The state and local school bond measures had already gone on the ballot when the governor and the Legislature submitted Proposition 57, the $15-billion bond measure to help ease the state's fiscal crisis. State bonds are paid back from the state's general fund, while local ones are repaid through property taxes. The tab for Proposition 55 was an estimated $823 million annually for 30 years, according to the state legislative analyst's office.

The Los Angeles Unified School District's Measure R was projected to add $60 a year for each $100,000 in assessed property valuation over 30 years.

That was in addition to the $100 annually per $100,000 in assessed valuation from the school district's previous two bond measures, the $2.4-billion Measure BB in 1997 and the $3.3-billion Measure K in 2002.

Measure R opponents, including the Howard Jarvis Taxpayers Assn. and the United Organization of Taxpayers, said property owners were already overburdened from the earlier measures.

Supporters, however, including the Los Angeles Chamber of Commerce, United Teachers-Los Angeles, labor groups and the Mexican American Legal Defense and Educational Fund, said the money was needed to complete a nearly $10-billion program to make room for the district's nearly 750,000 students in safe, modern schools near their homes and to put many of their overcrowded multitrack schools back on traditional calendars.

Before Measure BB passed in 1997, the district had not modernized or expanded its schools for nearly three decades, despite rapid growth in enrollment.

With the last two bond measures, Los Angeles Unified has built seven schools and 12 classroom additions; 70 projects are under construction. Almost 10,000 repair projects have been completed or are underway, district officials said.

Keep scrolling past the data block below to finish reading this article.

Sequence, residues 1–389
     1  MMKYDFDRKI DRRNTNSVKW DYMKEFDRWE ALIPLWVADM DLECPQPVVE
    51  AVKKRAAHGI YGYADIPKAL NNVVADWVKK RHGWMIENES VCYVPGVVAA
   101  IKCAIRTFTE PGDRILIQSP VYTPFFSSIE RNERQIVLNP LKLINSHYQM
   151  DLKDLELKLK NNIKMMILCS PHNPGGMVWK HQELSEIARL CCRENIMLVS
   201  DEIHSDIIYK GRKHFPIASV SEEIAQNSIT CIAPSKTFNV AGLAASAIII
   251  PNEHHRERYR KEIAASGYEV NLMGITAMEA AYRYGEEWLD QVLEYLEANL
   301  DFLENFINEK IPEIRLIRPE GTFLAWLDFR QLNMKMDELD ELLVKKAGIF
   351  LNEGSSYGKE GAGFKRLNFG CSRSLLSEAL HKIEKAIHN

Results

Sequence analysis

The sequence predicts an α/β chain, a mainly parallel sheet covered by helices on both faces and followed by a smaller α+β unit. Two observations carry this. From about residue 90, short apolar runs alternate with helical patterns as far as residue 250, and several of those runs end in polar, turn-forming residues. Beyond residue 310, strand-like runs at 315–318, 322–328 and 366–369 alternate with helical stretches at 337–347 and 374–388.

The campaign for Measure R raised about $1.7 million for targeted mail and telephone calls. Opponents did not raise money to campaign.

In addition to new schools, Measure R set aside money for full-day kindergarten, adult and early childhood education facilities, library books, repairs and remodeling and sites for charter schools. About 49,000 student seats would be added under Measure R, officials said.

Besides Los Angeles, about 60 other local school facilities bond measures were on ballots throughout California on Tuesday, all requiring 55% of the vote to pass.

For example, in Orange County, voters were deciding on Huntington Beach Union's Measure C, which would provide the district with $238 million; Orange Unified's Measure A, a $200-million request; and Saddleback Valley's Measure B, for $180 million.

A handful of other districts, including La Caņada Unified and Walnut Valley Unified in Los Angeles County, were seeking special parcel taxes to help operate their schools; those taxes required a two-thirds vote for approval.

Historically, school bonds have enjoyed strong support from California voters.

Sixteen of the 17 such statewide measures in the last 21 years have been approved, according to EdSource, a nonprofit organization that tracks education issues.

Since November 2000, when voters lowered the threshold for local school construction bond measures from two-thirds to 55%, 173 of 196 local measures have passed, according to School Services of California, an education consulting firm.

Link: L.A. Times Article